Manitoba Premier Heather Stefanson says the premiers have agreed to accept the health-care funding deal offered to them by Prime Minister Justin Trudeau, although they say it is far less than they had been asking for.
Stefanson, who currently chairs the premiers association known as the Council of the Federation, oversaw a virtual meeting on Monday where the premiers discussed last week’s offer of over $46 billion in new federal health-care spending over the next 10 years.
“We believe it’s a step in the right direction,” Stefanson said in an interview with Global News on 680 CJOB in Winnipeg.
“But at the same time, we also recognize that this is not the answer to what we need in the way of long-term sustainable funding in health care in this country.”
The new money means Ottawa will be sending a total of $196.1 billion in health-care funding, the bulk of which was already laid out in existing agreements, to the provinces over the next decade.
The offer was still shy of the premiers’ demand for Ottawa to increase its share of health spending from 22 per cent to 35 per cent.
Still, she said the provinces will accept the new money while continuing to work with Ottawa on a long-term plan to ensure the viability of Canada’s cherished health-care system.
Stefanson said a letter will be sent to Trudeau by the premiers outlining “some details and constructive suggestions” toward that sustainability plan.
Other premiers indicated last week and on Monday that they were likely to accept the deal despite falling short of their expectations.
“I don’t think anyone in Canada is of the mind we can be rejecting or forgoing health investment,” Saskatchewan Premier Scott Moe told reporters in Regina on Monday.
“Any increase in the area of health care is most certainly appreciated and would be well applied here in Saskatchewan.”
Federal Health Minister Jean-Yves Duclos and Intergovernmental Affairs Minister Dominic LeBlanc have been travelling across the country to meet with premiers and provincial health ministers since the offer was presented last week.
“We welcome today’s announcement by the Council of the Federation,” the pair said in a joint statement. “There is still much work ahead of us to finalize bilateral agreements with each provinces and territory, and over the coming weeks, that will be our focus.”
Those bilateral agreements are meant to work out how the provinces’ share of the federal money, along with provincial funds, will address their individual health-care needs.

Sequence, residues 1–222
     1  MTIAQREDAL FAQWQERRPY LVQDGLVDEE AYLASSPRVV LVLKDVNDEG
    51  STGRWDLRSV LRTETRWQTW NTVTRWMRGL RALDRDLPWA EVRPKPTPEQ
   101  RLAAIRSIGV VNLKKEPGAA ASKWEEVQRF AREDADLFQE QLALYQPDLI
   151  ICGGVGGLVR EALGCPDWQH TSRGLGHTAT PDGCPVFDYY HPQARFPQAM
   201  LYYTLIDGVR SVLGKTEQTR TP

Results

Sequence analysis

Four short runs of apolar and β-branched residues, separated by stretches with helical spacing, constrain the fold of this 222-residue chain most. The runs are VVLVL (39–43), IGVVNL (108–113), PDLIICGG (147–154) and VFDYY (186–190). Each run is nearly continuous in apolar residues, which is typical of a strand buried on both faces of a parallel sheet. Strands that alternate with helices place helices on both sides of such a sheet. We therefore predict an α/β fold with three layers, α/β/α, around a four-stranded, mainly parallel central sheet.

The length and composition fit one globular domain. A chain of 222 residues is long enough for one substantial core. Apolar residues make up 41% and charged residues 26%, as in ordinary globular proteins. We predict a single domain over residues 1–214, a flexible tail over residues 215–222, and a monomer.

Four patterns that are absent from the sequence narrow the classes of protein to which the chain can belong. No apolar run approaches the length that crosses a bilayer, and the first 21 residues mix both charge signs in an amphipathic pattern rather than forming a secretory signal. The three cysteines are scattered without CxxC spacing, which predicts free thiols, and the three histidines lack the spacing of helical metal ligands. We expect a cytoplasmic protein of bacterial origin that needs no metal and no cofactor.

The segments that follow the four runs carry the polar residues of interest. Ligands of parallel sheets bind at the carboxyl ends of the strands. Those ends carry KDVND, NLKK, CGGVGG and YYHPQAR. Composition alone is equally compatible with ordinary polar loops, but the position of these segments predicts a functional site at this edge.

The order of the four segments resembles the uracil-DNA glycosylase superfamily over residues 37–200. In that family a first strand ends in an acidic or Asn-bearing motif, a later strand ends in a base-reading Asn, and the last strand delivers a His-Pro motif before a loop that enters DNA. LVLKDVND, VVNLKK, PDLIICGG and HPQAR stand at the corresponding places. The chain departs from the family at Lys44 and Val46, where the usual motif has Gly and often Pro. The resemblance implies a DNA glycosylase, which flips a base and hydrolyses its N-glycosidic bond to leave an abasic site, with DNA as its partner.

On Monday, the ministers sat down with leaders in Newfoundland and Labrador and Nova Scotia to discuss their provinces’ individual health-care needs and where the new federal funding is needed most.
LeBlanc and Duclos will be in British Columbia Tuesday, followed by the territories and then the prairies before the end of this week.
British Columbia Premier David Eby said in a statement that “it’s clear every region of our country is struggling with increased strains” on health-care systems.
“This proposal from the federal government reverses course and begins moving us in the right direction,” he said.
“It offers stability over the long term and provides reassurance to British Columbians that we can work together to improve our public health-care system, including immigration pathways for health-care workers and national credential recognition.”
Ontario Premier Doug Ford, who met with Duclos and LeBlanc last week, proposed to his colleagues at the Monday meeting that they ask Trudeau to extend the deals beyond the next decade.
In a statement, his office said the recommendations would allow for sustainable funding that is “data-driven based on performance.” Ford was “confident” Ottawa would accept his proposal, the statement added.
The federal offer came with certain conditions including a requirement for modernization and sharing of health-care data for a national database.
The federal government has also been clear it does not want the new money to go toward private health facilities, which some provinces are beginning to lean on to help ease the burden on the public system.
Ontario Premier Doug Ford’s Progressive Conservative government announced last month that it’s moving some procedures to publicly funded, private facilities to address a growing surgery wait-list, which worsened during the COVID-19 pandemic.
Patients will not have to pay for those procedures, Ford and Health Minister Sylvia Jones have said.
Provinces such as Alberta and Saskatchewan have already made similar moves.
In an interview with Mercedes Stephenson on The West Block Sunday, LeBlanc said provinces can continue to explore such moves so long as they continue to abide by the Canada Health Act.
“The provinces can continue to do some of those things as long as they’re respecting the basic principles of the Canada Health Act, which deal with things like … access being based on medical need, not your ability to pay,” he said.
“But we’re going to be clear that the incremental federal money that we’re proposing has to go into strengthening … the public health care system, not the private health care system.”
Trudeau has said his conversations with the premiers last week in presenting the offer made clear his government’s top priority is preserving the Canada Health Act. But he has also touted Ford’s move as an innovative solution to address growing wait times.
—With files from the Canadian Press